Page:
After a brief intermission, the lights go off again. As Tennis comes up on the stage’s platform, the surface is instantaneously pervaded with the blinkering of a disco ball, encompassed by prismatic strobe lights and projections of pigmented dye that seem to fizzle and bleed into one another. One can note that Tennis’ layout set-wise gave the illusion of an open living room’s format. There was something so free-flowing, flexible, and adaptable about it, like the band was just a traveling set that could play whenever, wherever. There were casual keyboards in place, surrounding Alaina Moore, the band’s lead vocalist, whereas multiple sets of guitars, both acoustic and electric, had been in position adjacent to Patrick Riley.

It was fascinating to see how multifaceted the pair was, in their convertible manner of being able to operate such protean machinery, run by the couple’s engine of love and respect for one another. The duo conjured a feel for makeshift improvisation in their set, as one song after the other had evoked a sense of innately instinctive musicality. Moore danced gingerly during some of the songs, cooly holding the mic with a relaxed dexterity. It had felt as if we were just watching Moore and Riley coexist through the windowed lens of Englert’s stage. Peeking in or glancing through, Tennis welcomed these wandering eyes into their life with open arms.

Image via Cat Dooley

How one might describe Tennis’ discography, is as a transportive portal that leads to a celestially astral seashore, where waves greet the sand with trance like syncopations of Moore’s choral vocals alongside synth lines, decayed and with long attacks and high sustain. The band played Tracks off their Pollen album, an amalgamation of uplifting and more indulgently insouciant songs, creating a weaved tapestry of the ethereal and the gallantly stirring.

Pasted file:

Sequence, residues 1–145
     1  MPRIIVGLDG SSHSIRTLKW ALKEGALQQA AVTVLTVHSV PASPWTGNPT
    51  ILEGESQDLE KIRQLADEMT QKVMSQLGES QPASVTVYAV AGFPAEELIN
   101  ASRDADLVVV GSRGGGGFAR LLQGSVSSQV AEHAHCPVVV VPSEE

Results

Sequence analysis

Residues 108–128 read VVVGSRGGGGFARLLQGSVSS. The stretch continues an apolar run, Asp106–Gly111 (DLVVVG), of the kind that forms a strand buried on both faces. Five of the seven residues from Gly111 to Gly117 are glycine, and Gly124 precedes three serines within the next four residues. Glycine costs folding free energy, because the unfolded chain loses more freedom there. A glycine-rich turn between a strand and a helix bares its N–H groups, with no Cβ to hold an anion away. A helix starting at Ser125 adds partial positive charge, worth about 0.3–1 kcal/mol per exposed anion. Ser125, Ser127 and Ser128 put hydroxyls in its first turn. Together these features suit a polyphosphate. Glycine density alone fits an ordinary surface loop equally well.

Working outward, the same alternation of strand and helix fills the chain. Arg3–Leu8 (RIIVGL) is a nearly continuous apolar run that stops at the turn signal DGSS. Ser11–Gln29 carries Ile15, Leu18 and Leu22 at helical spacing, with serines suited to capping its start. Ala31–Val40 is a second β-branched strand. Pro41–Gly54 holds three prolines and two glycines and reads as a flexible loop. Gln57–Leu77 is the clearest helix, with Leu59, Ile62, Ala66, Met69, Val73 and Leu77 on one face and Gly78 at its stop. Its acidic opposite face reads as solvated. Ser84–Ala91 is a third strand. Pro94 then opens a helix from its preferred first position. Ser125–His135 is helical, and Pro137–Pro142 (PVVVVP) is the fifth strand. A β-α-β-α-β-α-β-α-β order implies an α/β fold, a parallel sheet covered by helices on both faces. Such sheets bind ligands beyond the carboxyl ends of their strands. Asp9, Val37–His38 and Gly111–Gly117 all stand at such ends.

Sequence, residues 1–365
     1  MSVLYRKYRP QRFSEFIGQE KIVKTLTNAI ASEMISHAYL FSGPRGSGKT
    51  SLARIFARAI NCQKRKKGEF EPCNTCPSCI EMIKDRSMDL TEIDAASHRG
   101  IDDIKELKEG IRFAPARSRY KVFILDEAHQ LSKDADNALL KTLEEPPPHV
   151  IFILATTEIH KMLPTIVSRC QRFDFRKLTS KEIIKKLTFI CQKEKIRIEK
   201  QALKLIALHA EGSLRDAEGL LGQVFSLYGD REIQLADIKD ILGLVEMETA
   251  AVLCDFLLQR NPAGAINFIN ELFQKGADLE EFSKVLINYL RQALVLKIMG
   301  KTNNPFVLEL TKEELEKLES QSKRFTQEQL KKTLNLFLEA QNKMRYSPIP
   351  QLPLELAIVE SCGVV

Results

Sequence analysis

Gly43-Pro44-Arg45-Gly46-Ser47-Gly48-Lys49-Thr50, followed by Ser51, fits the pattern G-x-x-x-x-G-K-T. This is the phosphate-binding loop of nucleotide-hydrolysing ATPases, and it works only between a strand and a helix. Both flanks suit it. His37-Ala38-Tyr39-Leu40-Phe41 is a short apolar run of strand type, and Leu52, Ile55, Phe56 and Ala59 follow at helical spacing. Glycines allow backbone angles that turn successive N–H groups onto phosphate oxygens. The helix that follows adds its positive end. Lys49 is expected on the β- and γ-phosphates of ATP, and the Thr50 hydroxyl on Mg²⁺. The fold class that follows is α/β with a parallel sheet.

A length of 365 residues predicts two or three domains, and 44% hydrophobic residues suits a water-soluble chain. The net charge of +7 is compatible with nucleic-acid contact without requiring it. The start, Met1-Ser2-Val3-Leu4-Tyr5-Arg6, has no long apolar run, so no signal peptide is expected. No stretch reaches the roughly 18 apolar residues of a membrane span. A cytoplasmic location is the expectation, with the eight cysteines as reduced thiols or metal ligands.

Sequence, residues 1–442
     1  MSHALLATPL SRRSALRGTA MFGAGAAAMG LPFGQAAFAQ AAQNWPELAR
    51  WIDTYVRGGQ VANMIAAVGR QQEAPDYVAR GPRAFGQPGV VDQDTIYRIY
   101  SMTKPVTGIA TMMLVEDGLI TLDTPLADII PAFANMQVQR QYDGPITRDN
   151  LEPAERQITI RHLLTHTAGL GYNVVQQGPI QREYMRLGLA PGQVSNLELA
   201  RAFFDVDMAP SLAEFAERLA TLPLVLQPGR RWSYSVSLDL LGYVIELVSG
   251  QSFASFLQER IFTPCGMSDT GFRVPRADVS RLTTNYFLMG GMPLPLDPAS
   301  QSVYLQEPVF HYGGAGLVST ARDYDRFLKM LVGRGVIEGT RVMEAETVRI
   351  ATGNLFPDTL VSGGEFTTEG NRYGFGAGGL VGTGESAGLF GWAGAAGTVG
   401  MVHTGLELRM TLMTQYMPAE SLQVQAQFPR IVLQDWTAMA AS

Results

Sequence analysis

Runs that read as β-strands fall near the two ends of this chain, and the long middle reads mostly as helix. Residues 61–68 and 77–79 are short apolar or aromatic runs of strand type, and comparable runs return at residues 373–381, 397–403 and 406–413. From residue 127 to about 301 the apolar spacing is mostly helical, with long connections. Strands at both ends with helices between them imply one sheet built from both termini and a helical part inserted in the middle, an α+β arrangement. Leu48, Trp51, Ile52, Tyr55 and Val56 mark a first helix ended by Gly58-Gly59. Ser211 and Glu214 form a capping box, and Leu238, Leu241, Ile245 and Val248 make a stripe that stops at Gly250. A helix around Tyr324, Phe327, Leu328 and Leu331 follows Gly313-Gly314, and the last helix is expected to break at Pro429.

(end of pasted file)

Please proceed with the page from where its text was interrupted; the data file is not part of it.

Lyrically, Tennis on tracks like “One Night with the Valet”, and “Let’s Make a Mistake Tonight”, implore themes of lighthearted, carefree existence, whilst being attentive to the world’s paced flow into progression and succession. This is at which one learns to embrace these fluctuating shifts in a backdrop where heaven and the universe blur into one another. What Tennis amplifies is the silver lining of every cloud to be confronted, at which their inclination toward surf pop and yacht rock simultaneously deliver callings of the ocean and the sea.

Image via Cat Dooley

Midway through the set, Alaina touches base with the crowd as she plays the game of guessing everyone’s majors. She denotes how fun it is to stage a show at a college town. She also tells the humble tale of how in 2010, the band had played a Des Moines show at Vaudeville Mews, where they had stayed with a member’s aunt and uncle. They had been their biggest supportive fans at that time at that particular show.

Something to observe is that Tennis doesn’t shy away from its past. Even musically, they play tracks from previous releases such as “My Better Self” off the 2013 album Young and Old. Some songs off the 2020 album Swimmer were also played, at which tracks like “How to Forgive” and “Runner”, remind us of the band’s affinity for synth-pop. To then close the show, the duo had played “Late Night“, where Moore had told the crowd that they would now be singing the audience to sleep. On guitars, Moore played on a mild acoustic, while Riley complimented this with demure strummings of an electric. The two had let out a lullaby before the night had come to its eventual end.

Image via Anika Maculangan

Tennis’ display of drifting, vagrant sound had led the crowd to be suspended in the air.  In a levitated state brought upon by their hazed tonality, it fades into an electronically-induced unification of what is retro and vintage. A rejuvenated revitalization of a stylistic sound buried far too long below the nu-pop stratum. Tennis is the calm after the storm that pushes for a rainbow upon exit. 

Track Zero continues with Sen Morimoto on November 11th, and ZORA on November 17th. You can read KRUI’s interview with Tennis’ Alaina Moore here.